WhatsApp vs Govt: in two cases in HC, each side contradicts itself

Two cases in Delhi High Court, both Centre vs WhatsApp, have user privacy at their heart. However, in each of these cases, both sides have made arguments that are diametrically opposite to what they have argued in the other case, throwing up inherent contradictions in the positions they have taken.

In the first case, WhatsApp is defending its privacy policy update of 2021, which asks users to sign up to its data-sharing policy with Facebook group companies, while the Centre is opposing the policy update on grounds including “violation of informational privacy”.

The Centre has argued that WhatsApp is indulging in anti-user practices by obtaining “trick-consent”, and alleged that its entire existing user base is being made to accept the terms and conditions before the pending Personal Data Protection Bill becomes law.

In the second case, WhatsApp has argued that the Centre’s new IT intermediary guidelines that require significant social media platforms to provide traceability of first originator of unlawful messages is a “dangerous invasion of privacy”, and poses “a threat to free speech”.

While WhatsApp wants the new rules quashed, the Centre has argued that the rules pertaining to tracking the first originator are an example of “reasonable restriction” to which the “fundamental right to privacy is subject”.

The Centre’s stand in at least one of the cases seems “driven more by convenience than conviction”, given that the arguments in the other case “runs contrary to, or even materially dilute” the stance taken in the other, something that applies equally to the other side (WhatsApp) as well, a legal expert said.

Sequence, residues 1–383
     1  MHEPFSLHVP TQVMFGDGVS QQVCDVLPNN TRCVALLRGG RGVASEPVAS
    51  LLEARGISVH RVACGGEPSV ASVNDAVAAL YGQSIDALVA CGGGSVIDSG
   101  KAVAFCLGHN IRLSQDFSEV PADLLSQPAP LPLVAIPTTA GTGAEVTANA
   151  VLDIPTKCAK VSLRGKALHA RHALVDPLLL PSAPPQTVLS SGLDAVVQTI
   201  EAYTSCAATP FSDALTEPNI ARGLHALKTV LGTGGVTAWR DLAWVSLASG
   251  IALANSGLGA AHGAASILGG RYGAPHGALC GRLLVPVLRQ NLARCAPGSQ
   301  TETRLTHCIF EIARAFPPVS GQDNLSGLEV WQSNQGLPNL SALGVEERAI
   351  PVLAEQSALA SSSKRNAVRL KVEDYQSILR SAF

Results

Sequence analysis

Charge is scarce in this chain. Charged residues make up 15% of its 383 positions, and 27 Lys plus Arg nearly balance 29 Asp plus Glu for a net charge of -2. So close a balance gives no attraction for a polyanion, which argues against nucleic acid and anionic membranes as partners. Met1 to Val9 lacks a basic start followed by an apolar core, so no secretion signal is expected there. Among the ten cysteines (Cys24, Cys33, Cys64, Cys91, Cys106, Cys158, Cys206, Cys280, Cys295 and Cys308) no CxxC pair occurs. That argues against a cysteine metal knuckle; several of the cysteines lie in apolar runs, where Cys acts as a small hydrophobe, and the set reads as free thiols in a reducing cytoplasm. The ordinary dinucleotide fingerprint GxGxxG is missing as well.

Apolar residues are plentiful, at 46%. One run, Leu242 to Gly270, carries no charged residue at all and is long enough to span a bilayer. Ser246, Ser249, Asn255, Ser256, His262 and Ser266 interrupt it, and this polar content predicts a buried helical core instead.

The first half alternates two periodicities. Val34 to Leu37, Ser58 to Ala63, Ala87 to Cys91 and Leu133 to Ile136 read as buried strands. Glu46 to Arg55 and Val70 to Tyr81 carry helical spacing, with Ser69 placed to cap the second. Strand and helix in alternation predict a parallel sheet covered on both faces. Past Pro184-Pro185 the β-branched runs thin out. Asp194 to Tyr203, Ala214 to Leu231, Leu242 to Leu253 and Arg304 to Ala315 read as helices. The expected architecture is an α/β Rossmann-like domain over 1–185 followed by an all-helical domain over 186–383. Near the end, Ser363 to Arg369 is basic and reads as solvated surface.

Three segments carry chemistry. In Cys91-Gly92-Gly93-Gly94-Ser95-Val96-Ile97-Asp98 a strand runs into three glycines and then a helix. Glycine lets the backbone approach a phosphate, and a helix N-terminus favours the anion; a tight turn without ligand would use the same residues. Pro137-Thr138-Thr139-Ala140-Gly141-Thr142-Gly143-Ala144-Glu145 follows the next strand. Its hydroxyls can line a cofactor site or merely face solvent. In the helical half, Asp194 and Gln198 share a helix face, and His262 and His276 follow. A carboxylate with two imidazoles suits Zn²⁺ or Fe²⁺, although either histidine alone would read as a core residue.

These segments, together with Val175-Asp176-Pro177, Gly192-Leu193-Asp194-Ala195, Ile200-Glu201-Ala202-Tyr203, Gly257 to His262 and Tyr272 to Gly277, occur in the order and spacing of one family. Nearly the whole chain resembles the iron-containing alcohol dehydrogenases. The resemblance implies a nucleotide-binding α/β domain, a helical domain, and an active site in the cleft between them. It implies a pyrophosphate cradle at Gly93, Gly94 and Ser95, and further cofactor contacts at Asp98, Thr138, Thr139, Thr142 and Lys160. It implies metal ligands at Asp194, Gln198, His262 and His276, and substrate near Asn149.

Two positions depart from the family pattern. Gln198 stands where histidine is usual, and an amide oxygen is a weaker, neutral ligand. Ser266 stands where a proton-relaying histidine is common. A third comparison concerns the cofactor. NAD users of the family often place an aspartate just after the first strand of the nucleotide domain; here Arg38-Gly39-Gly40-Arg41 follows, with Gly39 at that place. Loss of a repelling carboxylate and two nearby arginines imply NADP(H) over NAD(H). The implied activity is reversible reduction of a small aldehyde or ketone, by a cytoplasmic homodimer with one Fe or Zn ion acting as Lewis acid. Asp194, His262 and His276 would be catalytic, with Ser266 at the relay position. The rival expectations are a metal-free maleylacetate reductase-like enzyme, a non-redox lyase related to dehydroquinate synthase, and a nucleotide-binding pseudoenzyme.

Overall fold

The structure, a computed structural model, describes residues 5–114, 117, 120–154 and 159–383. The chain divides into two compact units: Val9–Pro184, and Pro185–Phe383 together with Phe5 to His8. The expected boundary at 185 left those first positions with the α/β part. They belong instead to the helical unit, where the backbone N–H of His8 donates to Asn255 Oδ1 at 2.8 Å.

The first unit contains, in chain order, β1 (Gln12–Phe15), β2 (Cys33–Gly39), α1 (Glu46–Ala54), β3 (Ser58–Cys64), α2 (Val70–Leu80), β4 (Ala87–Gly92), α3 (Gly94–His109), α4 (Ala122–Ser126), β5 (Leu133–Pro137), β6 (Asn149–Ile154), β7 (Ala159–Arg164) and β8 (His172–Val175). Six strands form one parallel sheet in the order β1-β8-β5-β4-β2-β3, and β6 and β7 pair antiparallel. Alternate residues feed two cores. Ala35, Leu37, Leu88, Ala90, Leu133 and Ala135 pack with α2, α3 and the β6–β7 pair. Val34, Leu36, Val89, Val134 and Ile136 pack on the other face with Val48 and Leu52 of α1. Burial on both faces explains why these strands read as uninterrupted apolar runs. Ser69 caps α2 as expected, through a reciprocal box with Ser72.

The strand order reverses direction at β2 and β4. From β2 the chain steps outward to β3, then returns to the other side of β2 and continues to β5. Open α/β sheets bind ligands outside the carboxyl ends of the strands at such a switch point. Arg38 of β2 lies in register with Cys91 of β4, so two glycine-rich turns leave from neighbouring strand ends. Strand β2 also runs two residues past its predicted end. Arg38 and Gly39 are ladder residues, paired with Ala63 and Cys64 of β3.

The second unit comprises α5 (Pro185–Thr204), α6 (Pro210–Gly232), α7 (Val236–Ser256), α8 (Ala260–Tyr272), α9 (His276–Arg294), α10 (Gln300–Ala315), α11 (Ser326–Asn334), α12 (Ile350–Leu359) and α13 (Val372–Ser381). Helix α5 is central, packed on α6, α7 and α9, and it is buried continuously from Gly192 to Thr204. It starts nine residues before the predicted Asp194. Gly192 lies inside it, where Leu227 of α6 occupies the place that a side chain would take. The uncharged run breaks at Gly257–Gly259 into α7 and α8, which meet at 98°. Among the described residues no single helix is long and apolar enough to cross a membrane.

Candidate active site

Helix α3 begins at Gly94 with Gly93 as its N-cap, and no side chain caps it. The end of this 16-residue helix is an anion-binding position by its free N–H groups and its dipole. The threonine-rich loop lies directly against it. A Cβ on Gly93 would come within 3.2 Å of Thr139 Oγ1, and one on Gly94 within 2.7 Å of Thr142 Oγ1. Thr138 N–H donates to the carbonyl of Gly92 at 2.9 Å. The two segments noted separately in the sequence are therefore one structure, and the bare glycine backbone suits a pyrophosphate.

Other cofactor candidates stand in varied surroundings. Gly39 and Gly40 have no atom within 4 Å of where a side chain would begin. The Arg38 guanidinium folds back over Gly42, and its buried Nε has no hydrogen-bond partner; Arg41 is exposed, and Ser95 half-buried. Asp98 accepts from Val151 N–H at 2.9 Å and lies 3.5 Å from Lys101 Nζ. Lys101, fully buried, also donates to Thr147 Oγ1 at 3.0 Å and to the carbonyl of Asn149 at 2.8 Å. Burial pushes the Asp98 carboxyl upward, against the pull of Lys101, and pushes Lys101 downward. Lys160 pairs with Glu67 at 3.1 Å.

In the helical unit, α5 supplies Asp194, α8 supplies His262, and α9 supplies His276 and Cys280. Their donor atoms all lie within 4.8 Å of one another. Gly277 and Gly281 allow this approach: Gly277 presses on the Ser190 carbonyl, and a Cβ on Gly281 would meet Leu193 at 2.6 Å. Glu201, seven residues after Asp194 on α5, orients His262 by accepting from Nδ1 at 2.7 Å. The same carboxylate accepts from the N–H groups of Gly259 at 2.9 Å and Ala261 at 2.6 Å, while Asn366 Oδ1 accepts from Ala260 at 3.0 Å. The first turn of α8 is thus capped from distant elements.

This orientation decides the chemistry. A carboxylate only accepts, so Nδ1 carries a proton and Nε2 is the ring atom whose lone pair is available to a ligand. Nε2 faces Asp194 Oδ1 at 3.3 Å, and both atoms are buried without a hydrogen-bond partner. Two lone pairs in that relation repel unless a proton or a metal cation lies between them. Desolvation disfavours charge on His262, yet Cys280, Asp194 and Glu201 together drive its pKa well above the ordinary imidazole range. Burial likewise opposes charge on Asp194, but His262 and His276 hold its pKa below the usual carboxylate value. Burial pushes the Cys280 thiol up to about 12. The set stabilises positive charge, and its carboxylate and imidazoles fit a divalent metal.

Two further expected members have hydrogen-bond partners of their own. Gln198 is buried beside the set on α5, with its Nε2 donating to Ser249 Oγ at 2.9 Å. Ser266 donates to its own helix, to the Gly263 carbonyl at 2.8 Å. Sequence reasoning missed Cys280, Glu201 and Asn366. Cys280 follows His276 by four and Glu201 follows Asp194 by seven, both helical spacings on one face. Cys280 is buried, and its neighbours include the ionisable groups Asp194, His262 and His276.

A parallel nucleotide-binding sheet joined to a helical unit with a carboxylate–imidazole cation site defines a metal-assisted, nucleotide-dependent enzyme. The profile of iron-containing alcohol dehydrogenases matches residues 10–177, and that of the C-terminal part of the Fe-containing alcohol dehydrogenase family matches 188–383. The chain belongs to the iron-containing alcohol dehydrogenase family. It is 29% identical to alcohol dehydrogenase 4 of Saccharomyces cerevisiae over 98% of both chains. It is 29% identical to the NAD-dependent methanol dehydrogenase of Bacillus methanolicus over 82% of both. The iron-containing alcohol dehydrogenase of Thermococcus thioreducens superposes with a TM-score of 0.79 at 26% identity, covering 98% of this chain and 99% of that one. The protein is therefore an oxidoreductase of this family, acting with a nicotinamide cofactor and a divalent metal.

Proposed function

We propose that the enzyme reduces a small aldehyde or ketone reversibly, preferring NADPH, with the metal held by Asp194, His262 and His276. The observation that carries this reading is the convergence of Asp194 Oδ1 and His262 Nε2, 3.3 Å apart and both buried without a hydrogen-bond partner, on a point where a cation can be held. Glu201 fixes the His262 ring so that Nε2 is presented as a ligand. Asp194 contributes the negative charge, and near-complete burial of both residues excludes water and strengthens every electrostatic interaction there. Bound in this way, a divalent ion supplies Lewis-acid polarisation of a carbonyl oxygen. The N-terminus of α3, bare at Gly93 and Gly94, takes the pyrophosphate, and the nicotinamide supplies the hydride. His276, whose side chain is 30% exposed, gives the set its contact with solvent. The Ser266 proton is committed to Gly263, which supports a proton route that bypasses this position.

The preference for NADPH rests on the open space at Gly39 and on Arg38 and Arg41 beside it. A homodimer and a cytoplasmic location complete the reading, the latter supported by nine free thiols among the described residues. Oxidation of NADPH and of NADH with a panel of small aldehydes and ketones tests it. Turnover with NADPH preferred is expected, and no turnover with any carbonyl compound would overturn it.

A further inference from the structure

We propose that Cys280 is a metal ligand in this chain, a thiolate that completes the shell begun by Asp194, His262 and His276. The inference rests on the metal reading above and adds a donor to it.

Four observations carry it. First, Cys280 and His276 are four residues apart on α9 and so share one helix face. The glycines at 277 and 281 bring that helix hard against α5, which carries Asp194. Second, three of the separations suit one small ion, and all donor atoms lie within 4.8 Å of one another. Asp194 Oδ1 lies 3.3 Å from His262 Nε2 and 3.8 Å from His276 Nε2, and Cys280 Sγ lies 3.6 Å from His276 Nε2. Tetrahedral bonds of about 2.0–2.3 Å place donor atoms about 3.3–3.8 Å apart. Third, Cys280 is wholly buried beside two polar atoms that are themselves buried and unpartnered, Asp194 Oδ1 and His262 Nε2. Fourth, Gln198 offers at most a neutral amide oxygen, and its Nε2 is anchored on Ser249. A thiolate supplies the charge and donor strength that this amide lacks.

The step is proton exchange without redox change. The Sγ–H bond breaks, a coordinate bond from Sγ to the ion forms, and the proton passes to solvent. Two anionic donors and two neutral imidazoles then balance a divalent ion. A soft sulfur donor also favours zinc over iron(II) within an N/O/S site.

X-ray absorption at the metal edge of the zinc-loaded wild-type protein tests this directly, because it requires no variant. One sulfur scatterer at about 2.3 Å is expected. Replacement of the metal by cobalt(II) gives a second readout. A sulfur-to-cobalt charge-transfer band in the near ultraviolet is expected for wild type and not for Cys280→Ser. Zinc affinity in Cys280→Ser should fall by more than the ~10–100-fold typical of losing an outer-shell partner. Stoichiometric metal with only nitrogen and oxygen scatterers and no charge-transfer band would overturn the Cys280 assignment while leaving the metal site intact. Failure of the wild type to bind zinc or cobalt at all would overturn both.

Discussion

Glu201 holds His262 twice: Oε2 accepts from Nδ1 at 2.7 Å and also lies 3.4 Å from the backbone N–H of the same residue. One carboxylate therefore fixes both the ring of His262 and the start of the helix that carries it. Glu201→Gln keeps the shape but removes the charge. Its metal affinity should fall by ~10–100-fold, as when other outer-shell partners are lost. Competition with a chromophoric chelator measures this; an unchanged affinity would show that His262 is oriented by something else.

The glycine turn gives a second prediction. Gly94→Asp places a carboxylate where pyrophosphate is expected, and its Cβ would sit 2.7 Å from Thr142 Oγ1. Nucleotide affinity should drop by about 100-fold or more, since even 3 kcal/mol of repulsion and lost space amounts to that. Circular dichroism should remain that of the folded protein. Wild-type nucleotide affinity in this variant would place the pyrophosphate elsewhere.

What can potentially queer the pitch for the two parties is that both cases are before the same court, and arguments are likely to run parallelly.

On May 25, WhatsApp moved Delhi High Court against the Intermediary Rules, which became effective on May 26. While the Union Government is yet to file its response to the lawsuit, it has put out a press release, which says traceability is essential to “curb the menace of fake news”.

WhatsApp in its challenge in court has argued that breaking of encryption could put at risk groups such as journalists and civil or political activists.

Earlier, in January, Noida resident Seema Singh had filed public interest litigation in Delhi High Court against WhatsApp’s privacy policy, arguing that fissures in law with regard to data are “quite conspicuous”, and a framework to regulate is required. The PIL challenged WhatsApp’s new privacy policy released on January 4, 2021 as being “violative of the fundamental right to privacy under Article 21”, as it did not offer users any option to protect their personal data by opting out of the policy.

Responding to this PIL, the Centre had explicitly sought that WhatsApp “be restrained” from implementing its new privacy policy and terms of service pending adjudication by the court, citing “concerns over users ability to control the sharing of their personal data”.

In arguing against WhatsApp’s privacy policy, the Centre cited “discriminatory treatment” of Indian users compared with European users, given that the new policy was not applicable in Europe.

However, WhatsApp’s decision to not implement the new privacy policy in Europe was driven by the EU’s General Data Protection Regulation. This, in fact, had put the focus on India’s Personal Data Protection Bill, which has been pending before a Joint Parliamentary Committee since January 2020.

Further, in its stand against WhatsApp’s new privacy policy, the Ministry of Electronics & IT said that the changes to the policy and the manner in which it was communicated “undermines the sacrosanct values of informational privacy, data security and user choice for Indian users…”.